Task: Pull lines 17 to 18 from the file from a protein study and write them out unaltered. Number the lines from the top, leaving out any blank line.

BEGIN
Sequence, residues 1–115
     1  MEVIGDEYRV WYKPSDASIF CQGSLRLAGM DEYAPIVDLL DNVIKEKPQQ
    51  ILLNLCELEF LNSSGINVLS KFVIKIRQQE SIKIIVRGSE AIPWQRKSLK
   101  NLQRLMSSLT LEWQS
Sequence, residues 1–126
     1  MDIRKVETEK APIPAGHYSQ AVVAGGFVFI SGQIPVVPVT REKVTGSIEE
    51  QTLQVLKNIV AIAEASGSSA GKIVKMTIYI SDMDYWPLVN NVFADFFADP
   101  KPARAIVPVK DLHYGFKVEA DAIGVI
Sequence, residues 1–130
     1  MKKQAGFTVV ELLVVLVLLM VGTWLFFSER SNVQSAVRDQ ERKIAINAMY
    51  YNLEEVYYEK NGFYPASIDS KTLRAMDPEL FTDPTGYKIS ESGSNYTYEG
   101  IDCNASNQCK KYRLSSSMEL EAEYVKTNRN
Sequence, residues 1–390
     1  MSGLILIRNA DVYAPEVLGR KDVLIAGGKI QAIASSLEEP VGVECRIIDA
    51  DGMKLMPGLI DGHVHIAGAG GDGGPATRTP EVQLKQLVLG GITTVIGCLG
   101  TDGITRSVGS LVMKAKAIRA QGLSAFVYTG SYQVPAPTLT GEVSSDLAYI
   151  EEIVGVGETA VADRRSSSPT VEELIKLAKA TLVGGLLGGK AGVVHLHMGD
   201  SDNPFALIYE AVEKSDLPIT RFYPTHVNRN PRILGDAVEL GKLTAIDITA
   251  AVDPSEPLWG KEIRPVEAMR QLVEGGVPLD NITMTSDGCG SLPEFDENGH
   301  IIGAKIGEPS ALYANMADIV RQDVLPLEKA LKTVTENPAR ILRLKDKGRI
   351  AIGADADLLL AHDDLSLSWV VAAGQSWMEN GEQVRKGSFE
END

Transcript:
   151  EEIVGVGETA VADRRSSSPT VEELIKLAKA TLVGGLLGGK AGVVHLHMGD
   201  SDNPFALIYE AVEKSDLPIT RFYPTHVNRN PRILGDAVEL GKLTAIDITA